The Gell-Mann Amnesia effect in action? Will Jalopnik make the connection?

Question Jalopnik asks:

How Much Can CNN Get Wrong About F1 Engines, Physics In One Article?

The answer is apparently: quite a heck of a lot.

Question Jalopnik did not ask:

What else is CNN getting wrong?

The answer to that?  Well, Michael Crichton summed it up, God rest his soul:

“Briefly stated, the Gell-Mann Amnesia effect is as follows. You open the newspaper to an article on some subject you know well. In Murray’s case, physics. In mine, show business. You read the article and see the journalist has absolutely no understanding of either the facts or the issues. Often, the article is so wrong it actually presents the story backward—reversing cause and effect. I call these the “wet streets cause rain” stories. Paper’s full of them.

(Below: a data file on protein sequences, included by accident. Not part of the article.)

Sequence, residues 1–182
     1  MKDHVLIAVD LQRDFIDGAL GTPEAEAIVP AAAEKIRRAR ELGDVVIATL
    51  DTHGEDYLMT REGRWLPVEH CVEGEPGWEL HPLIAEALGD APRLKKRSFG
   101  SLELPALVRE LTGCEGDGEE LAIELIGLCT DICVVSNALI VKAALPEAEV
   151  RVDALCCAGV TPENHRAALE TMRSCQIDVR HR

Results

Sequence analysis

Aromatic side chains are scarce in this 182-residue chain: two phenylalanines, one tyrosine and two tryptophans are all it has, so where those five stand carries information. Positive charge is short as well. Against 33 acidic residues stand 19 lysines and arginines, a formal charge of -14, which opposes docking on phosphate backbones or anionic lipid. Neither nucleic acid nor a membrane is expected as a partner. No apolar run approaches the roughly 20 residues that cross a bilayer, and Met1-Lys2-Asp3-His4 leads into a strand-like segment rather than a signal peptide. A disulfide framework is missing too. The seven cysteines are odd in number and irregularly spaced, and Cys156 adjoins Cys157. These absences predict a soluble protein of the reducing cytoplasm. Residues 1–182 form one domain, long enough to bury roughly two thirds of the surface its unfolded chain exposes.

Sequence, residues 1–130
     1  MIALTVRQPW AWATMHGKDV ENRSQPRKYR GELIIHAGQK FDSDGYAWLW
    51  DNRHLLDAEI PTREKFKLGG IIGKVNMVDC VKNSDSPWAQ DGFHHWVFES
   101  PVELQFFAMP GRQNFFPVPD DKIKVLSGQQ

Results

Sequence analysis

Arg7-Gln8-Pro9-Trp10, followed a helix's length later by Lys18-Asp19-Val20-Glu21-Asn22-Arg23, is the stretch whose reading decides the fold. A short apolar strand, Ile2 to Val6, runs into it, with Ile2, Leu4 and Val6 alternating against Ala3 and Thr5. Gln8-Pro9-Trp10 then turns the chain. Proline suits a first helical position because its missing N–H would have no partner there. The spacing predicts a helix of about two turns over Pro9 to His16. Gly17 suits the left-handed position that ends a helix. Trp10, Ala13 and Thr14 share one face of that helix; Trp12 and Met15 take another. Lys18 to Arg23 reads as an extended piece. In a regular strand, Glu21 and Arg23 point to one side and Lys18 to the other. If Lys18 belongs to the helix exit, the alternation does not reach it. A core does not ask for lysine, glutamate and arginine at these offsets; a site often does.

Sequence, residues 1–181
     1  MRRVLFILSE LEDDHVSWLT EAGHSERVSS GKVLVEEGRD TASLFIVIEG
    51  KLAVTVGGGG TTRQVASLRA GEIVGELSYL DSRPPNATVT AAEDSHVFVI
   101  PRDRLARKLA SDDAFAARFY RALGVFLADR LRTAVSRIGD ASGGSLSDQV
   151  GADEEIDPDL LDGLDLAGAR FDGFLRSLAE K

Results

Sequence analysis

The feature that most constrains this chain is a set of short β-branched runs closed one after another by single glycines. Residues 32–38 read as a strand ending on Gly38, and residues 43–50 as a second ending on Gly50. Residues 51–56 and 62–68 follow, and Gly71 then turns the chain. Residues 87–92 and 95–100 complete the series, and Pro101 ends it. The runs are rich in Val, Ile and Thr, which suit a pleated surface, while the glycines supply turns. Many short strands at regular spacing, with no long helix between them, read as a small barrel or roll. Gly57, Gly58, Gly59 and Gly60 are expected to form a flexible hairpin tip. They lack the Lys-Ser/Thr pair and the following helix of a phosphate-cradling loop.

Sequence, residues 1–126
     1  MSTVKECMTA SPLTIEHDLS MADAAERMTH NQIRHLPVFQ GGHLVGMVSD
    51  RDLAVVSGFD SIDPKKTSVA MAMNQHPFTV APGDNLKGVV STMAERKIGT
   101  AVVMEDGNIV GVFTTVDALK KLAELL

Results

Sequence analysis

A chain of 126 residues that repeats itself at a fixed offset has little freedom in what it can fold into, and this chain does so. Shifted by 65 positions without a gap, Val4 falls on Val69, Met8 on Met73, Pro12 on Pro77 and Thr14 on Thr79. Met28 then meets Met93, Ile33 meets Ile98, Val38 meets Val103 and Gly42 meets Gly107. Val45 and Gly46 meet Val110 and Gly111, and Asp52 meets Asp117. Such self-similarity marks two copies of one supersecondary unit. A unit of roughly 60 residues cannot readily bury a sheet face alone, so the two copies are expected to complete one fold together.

In any case, you read with exasperation or amusement the multiple errors in a story, and then turn the page to national or international affairs, and read as if the rest of the newspaper was somehow more accurate about Palestine than the baloney you just read. You turn the page, and forget what you know.”

Man left us too soon.

(H/T: AoSHQ)

Moe Lane

4 thoughts on “The Gell-Mann Amnesia effect in action? Will Jalopnik make the connection?”

  1. Hahaha. I just came here right after I had read that article and the whole time I was reading it I was thinking “Gell-Mann”

  2. “What else is CNN getting wrong?”- Pretty much everything. Does anybody even watch them anymore? At least the person who wrote the article is somewhere where they are unlikely to be an immediate danger to themselves or someone else.

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